Free speech was the issue Thursday morning as attorneys in a civil suit debated the right of a blogger to post accusations against a Corvallis police officer.
The defendant in the suit is Tim Smith of Corvallis, who administers the "Benton County Crusader" website, on which he routinely writes about local law enforcement, usually in a critical light.
Corvallis police officer Jim Crain is a frequent subject of Crain's posts, but he alleges that they go past fair criticism into legally actionable defamation. Crain filed suit against Smith in June of 2009, alleging that Smith posted "false, offensive, often profane and defamatory statements" about Crain and other police officers.
The complaint also accused Cecilia Carey, a former girlfriend of Crain's, of conspiring with Smith to defame Crain by claiming the officer had committed felonies, was not morally fit to serve as a police officer and had "engaged in other unprofessional or dishonest conduct."
In his complaint, Crain is seeking $25,000 to compensate for lost overtime and benefits, $500,000 for lost earning capacity and pain and suffering, plus unspecified punitive damages.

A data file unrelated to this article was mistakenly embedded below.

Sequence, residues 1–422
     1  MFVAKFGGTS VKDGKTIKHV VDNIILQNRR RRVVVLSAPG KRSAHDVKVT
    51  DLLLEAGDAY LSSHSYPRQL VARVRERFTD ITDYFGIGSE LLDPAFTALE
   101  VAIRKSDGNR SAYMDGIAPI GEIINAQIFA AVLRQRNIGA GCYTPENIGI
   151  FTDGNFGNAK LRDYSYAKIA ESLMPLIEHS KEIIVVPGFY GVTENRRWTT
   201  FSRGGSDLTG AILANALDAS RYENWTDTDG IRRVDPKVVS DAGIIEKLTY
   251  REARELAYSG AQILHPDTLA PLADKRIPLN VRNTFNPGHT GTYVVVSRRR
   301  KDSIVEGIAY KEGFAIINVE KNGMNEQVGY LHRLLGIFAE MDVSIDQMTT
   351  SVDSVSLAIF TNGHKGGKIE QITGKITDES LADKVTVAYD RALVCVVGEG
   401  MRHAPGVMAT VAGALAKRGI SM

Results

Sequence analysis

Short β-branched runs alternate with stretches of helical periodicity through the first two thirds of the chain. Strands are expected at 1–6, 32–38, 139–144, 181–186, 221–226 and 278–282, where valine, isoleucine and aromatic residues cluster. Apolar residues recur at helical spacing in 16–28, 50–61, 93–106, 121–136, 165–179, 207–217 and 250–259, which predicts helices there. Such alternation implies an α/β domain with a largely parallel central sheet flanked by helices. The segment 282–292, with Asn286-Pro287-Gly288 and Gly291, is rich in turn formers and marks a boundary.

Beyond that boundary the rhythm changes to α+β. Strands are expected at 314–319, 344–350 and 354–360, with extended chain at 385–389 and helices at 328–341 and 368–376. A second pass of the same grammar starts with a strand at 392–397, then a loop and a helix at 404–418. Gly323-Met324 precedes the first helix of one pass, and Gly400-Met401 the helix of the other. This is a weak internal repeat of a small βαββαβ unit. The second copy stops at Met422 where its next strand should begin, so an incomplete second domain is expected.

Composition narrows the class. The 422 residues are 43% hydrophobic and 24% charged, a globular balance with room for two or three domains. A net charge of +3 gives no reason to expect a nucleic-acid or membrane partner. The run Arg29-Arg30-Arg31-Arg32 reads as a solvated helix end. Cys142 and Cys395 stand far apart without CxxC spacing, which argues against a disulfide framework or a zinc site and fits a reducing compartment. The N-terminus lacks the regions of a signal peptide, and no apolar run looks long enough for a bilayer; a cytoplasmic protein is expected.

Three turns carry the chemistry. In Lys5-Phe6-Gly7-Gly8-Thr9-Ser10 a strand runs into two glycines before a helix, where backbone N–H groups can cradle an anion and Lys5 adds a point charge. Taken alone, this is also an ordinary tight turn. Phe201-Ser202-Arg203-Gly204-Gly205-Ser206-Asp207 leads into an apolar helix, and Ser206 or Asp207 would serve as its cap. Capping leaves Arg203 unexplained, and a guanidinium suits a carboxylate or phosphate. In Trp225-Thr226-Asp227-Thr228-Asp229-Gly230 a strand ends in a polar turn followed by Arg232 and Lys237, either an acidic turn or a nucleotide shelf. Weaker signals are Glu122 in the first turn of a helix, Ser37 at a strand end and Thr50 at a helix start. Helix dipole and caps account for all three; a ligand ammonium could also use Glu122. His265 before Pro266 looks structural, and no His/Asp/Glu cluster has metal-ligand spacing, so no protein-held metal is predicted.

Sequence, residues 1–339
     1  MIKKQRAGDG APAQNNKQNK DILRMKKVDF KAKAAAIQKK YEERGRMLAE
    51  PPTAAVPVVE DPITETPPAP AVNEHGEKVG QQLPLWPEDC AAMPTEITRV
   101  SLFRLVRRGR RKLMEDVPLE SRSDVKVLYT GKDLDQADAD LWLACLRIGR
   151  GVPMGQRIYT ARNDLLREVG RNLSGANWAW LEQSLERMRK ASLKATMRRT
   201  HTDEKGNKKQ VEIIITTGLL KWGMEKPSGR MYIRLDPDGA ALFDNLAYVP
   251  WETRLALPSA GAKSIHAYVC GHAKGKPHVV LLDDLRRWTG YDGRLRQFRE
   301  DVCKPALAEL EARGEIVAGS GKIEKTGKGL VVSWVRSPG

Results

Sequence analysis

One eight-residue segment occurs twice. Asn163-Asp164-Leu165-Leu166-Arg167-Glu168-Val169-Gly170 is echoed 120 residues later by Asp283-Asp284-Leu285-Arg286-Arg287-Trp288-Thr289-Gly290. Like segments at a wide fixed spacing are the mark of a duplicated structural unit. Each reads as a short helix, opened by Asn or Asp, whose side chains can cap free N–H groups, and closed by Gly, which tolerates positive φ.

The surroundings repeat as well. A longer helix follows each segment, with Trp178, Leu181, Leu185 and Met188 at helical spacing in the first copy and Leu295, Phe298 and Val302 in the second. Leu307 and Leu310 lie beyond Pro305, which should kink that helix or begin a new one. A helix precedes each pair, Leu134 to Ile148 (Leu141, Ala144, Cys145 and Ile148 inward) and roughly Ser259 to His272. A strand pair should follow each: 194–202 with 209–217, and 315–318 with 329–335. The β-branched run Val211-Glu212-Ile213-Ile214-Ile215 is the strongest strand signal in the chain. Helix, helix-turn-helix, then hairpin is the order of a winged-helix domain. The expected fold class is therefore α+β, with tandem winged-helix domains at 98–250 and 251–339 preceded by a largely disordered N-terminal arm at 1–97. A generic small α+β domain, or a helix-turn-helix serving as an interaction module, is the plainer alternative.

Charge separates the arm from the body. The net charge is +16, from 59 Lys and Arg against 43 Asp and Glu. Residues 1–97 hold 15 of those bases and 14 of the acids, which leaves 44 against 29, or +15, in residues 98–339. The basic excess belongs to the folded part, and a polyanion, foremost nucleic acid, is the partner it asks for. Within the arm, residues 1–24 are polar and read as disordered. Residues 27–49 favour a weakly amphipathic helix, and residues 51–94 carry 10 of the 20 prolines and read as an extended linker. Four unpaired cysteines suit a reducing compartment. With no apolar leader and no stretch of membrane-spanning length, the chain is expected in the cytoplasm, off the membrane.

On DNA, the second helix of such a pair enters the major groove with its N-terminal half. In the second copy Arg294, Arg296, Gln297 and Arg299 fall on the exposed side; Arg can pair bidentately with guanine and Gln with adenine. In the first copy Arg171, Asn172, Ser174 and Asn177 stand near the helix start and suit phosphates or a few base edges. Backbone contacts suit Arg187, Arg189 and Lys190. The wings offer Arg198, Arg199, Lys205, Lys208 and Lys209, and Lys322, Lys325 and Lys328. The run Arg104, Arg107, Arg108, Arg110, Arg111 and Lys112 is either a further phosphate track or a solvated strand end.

On March 3, Smith filed a motion to strike all allegations against him, citing Oregon's anti-SLAPP (Strategic Lawsuit Against Public Participation) statutes. The legislation protects certain speech from lawsuits.
Thursday, the attorneys argued the motion in front of Judge Locke Williams.
John Rich, who is representing Smith, told the court that Smith's statements about Crain are protected by anti-SLAPP legislation because they were on a topic of public interest - the fitness of a public servant - and were published in a public place.
Crain's attorney, Jeffrey Boiler of Eugene, participated via phone. He alleged that Smith's postings are "a private vendetta and therefore private interest" (rather than public).
He also said that statements made by Smith and Carey led to Crain being repeatedly placed on administrative leave while the Corvallis Police Department investigated, as required, what he said proved to be unfounded complaints.
Williams did not make a ruling on Smith's motion Thursday and is reviewing the documents in the case.
Carey's attorney, Erin Olson, argued that Carey's statements were made to law enforcement during the course of an investigation and therefore also are protected by anti-SLAPP laws. Williams agreed, and Crain now has to show proof that he can prevail.
No new hearing date has been set.